There exists a well-known relationship between identity and action.

So much of how you and I navigate our lives comes back to identity.

If, in your internal world, you think of yourself as someone who is passionate about fitness, you will be more likely to get to the gym or go on that run.

If you think of yourself as an effective and persistent problem solver, you’ll eagerly jump into creating solutions for hard problems, instead of giving up when they seem too hard.

On the other hand, if you think of yourself as stupid, you’ll probably shy away from problems that look too complicated to solve.

If, when you think about yourself, you think of someone who is stressed and anxious, you’re less likely to take any action to leave the habits that are keeping you in stress and anxiety.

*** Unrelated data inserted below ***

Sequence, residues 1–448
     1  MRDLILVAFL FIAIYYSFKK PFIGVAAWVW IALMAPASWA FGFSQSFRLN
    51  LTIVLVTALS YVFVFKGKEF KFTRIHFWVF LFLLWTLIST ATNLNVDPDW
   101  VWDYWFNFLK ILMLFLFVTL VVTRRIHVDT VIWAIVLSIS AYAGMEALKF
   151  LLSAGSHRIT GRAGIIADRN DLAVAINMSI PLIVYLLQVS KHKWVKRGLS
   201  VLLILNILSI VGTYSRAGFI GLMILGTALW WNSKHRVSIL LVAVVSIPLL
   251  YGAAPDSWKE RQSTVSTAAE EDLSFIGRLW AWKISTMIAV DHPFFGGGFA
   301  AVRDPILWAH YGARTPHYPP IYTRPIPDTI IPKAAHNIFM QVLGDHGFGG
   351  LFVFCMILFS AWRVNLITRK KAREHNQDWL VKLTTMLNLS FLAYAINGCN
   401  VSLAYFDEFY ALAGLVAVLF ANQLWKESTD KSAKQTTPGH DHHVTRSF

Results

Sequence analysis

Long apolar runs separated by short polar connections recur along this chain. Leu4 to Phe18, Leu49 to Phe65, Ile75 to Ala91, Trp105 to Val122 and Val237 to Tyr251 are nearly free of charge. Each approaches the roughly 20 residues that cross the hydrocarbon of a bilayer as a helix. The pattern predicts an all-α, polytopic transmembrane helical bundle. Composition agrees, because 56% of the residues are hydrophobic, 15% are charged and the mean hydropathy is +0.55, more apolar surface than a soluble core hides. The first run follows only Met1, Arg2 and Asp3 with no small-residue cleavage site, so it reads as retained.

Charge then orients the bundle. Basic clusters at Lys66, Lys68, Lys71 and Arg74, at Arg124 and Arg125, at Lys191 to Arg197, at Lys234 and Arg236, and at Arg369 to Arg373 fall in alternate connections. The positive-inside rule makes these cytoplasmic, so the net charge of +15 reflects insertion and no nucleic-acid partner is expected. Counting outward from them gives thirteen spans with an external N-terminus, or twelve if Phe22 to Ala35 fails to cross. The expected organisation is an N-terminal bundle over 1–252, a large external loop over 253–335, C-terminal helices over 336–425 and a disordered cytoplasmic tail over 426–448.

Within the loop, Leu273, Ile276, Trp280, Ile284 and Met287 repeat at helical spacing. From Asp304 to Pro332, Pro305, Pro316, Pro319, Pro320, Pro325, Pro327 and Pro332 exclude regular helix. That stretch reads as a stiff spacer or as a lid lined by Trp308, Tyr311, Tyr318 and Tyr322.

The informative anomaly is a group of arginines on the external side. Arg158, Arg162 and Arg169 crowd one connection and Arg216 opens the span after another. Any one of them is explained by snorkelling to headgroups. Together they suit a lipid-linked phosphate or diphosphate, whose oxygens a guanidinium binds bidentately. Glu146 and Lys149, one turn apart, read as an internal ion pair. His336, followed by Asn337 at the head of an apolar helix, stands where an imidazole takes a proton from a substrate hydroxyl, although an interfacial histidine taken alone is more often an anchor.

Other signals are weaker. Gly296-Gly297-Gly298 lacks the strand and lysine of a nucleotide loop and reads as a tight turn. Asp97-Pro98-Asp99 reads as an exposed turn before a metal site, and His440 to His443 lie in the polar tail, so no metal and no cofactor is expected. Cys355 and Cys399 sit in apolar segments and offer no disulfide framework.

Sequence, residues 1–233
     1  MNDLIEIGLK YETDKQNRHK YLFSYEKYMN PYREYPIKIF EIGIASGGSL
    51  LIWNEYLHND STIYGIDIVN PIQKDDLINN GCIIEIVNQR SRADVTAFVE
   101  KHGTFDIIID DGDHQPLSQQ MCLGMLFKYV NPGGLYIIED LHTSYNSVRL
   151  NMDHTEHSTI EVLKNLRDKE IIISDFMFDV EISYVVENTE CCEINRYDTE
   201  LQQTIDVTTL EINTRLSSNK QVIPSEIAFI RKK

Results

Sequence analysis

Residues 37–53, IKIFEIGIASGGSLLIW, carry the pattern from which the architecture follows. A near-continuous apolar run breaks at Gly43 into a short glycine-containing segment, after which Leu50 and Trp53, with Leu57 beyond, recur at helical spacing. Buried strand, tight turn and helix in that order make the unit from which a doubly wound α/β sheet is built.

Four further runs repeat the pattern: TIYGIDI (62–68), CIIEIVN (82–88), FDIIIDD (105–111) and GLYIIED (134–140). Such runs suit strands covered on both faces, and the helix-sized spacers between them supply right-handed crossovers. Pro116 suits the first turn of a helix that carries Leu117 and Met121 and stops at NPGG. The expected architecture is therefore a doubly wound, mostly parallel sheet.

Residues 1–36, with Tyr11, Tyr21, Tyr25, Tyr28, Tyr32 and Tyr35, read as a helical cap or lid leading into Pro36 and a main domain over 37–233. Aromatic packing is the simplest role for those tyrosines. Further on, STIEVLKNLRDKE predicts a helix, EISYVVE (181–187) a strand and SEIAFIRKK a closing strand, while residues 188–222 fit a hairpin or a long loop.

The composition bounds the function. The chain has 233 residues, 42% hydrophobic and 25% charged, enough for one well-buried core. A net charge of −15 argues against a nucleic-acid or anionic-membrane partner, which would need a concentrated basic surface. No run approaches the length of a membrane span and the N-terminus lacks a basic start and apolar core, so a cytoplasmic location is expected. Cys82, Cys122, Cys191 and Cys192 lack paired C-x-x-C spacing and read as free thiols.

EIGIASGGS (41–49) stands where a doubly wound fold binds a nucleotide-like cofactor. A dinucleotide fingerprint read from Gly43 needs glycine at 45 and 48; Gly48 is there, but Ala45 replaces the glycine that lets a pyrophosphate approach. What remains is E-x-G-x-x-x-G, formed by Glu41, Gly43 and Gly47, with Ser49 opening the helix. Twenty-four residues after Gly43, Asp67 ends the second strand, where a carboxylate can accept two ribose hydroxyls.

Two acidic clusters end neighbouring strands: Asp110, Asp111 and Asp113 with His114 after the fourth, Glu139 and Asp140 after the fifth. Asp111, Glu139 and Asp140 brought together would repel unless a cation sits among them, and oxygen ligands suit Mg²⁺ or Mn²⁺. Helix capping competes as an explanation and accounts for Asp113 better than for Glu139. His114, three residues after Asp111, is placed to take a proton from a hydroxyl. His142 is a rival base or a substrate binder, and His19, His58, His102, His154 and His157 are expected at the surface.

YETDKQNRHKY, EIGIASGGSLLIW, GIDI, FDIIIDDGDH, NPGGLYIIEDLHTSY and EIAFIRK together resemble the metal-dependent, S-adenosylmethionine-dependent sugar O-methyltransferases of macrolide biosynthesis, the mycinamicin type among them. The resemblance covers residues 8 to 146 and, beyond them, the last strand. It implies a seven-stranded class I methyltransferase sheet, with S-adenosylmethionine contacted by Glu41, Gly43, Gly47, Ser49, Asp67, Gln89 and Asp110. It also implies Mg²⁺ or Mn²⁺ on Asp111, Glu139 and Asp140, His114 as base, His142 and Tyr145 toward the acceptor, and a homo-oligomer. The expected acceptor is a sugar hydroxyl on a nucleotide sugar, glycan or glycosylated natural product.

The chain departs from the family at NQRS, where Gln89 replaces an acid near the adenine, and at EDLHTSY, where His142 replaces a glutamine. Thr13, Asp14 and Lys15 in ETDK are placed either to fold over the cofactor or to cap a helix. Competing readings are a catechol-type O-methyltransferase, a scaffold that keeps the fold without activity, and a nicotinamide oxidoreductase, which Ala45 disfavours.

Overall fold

Identity informs and leads to action.

If you can solidly reorient your identity, your actions will follow closely behind.

It’s, of course, possible to take action that is incongruous with our understood identity. But never for long.

The personal-development implications of this are well-known.

But I’ve been finding myself further pondering the social and leadership implications.

When we talk about someone we disagree with, do we attack their actions or their identity?

Do we call people stupid, or do we say that what they’re doing is stupid?

Do we say that someone is a bad worker, or do we critique their work instead?

Our words have power, both for ourselves and for those around us. How we encourage and critique people matters.

Choosing the path of dignity will always lead to better results.

If you want less bad behaviour, critique actions.
If you want more good behavior, encourage identity.